The West Australian
FRIDAY, 27TH FEBRUARY 1885
PUBLIC MEETING AT ROEBOURNE
A public meeting was held at Roebourne on the 16th February, for the purpose of expressing the feelings of the community at the recent terrible murders of Messrs. Anketell and Burrup. About 25 persons were present, and Mr. Laurence, Government Resident, was voted to the chair.
The CHAIRMAN, in a few words, explained the object of the meeting. He felt sure that he spoke the feelings of all present when he said that the recent horrible murders had filled the community with grief and dismay. There was a feeling of horror that so foul a crime should have been committed in their midst, and also a deep personal sorrow to every one in the loss of dear and valued friends.
Mr. Anketell had been some time amongst them, and, by his unvarying courtesy, his conspicuous unselfishness, and his many social qualities, had endeared himself to all in the district. He could not put into words the feelings of sorrow so generally felt for his loss.
Mr. Burrup, though he had not been so long in the district, had by his bright cheerfulness and obliging character gained the affection of many, and they all felt that they had rarely met a more amiable and gentlemanly young fellow. It seemed hard to believe that valued and valuable lives could have been so recklessly sacrificed in pursuit of gain.
The meeting would no doubt adopt an expression of sympathy with the relatives of the deceased, now waiting in painful anxiety for full particulars of the terrible events which the telegraph had already announced to them. Though words might seem inadequate, yet it might be some comfort to them to know that their loved ones had gained the regard of those among whom they lived, and that their loss was sincerely mourned.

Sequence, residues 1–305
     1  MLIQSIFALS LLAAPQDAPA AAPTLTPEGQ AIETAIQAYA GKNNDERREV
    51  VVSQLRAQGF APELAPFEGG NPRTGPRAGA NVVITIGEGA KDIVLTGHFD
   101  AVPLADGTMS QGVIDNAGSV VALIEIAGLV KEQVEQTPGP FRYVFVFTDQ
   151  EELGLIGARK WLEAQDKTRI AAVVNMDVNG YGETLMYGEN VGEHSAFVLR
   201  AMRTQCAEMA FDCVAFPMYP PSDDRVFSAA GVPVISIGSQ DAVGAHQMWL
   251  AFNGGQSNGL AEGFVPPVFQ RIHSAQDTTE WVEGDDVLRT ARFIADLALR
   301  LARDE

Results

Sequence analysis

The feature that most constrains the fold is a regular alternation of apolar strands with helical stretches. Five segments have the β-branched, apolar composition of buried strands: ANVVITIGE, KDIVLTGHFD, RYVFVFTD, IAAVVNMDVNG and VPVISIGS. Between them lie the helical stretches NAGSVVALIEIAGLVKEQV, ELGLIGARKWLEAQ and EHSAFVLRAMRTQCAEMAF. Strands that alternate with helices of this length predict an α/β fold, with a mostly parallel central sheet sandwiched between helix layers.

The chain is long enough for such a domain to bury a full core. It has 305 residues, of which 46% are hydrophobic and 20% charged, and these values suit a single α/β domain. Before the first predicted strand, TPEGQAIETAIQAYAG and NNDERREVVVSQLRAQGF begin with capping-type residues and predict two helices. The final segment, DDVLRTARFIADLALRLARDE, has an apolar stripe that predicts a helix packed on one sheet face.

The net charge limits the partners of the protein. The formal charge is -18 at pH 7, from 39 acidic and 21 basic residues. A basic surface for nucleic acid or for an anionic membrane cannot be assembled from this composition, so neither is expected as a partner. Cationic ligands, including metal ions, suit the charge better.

Mr. H. W. SHOLL then moved – That Messrs. A. McRae, M.L.C., E. H. Laurence, Government Resident, and J. A. O’Meehan, J. P., be appointed a committee to draw up a letter of condolence with the relatives of our deceased friends, Messrs. Anketell and Burrup, and sign it on behalf of the district.
Mr. EATON seconded the motion, which was carried unanimously.
Mr. A. MCRAE then moved -That a copy of the minutes of this meeting and of the letters to be drawn up by the committee be forwarded to the news papers for publication.
Mr. H. W. SHOLL seconded the motion.
Dr. O’MEEHAN, in speaking to the resolution, desired to express his entire agreement with what had fallen from the Chairman, and his sense of the deep loss the district had sustained. No words were needed to deepen the universal feeling of regret.
The resolution was then carried unanimously, and, with a vote of thanks to the Chairman, the meeting separated. The following are the letters drawn up by the Committee :
Roebourne, 16th February, 1885.
To W. ANKETELL, ESQ., J.P.
At a public meeting held in Roebourne this evening the following resolution was unanimously adopted. (See first resolution.) In pursuance of that resolution we approach you with a respectful expression of deep sympathy with you and your family in the terrible event which has deprived you of your son, During his residence amongst us Mr. Thomas Anketell had become universally esteemed for his unvarying courtesy, his diligent attention to business, his conspicuous unselfishness, his many genial social qualities, and his ready and liberal help to every enterprise undertaken for the advancement or enjoyment of this community. To many he had become a very dear and valued friend. While we feel how feeble are any words in the presence of so great a sorrow as has fallen upon you and yours, it may be some solace to receive-as it is a melancholy satisfaction to offer -this assurance of the high regard and sincere affection entertained for your son by the people of the North District.
Believe us, dear Sir,
yours most sincerely,
A. MCRAE, E. H. LAURENCE, J. A. O’MEEHAN.
To J. W. Burrup, Esq., was sent similar letter of sympathy in the event which had so early cut short the life of his son. The letter adds :
” Though Mr Henry Burrup had been but a short time among us, he had, by his unassuming, good nature, his cheerful manners, and his readiness to oblige, won the true regard of all with whom he had come in contact. Many among us had already learned to looked upon him as a dear friend ;” and, further, an ” assurance that your son had gained the affectionate regard of the community in which he had come to live/and that his cruel death is sincerely mourned.”
[Inquirer and Herald, kindly copy.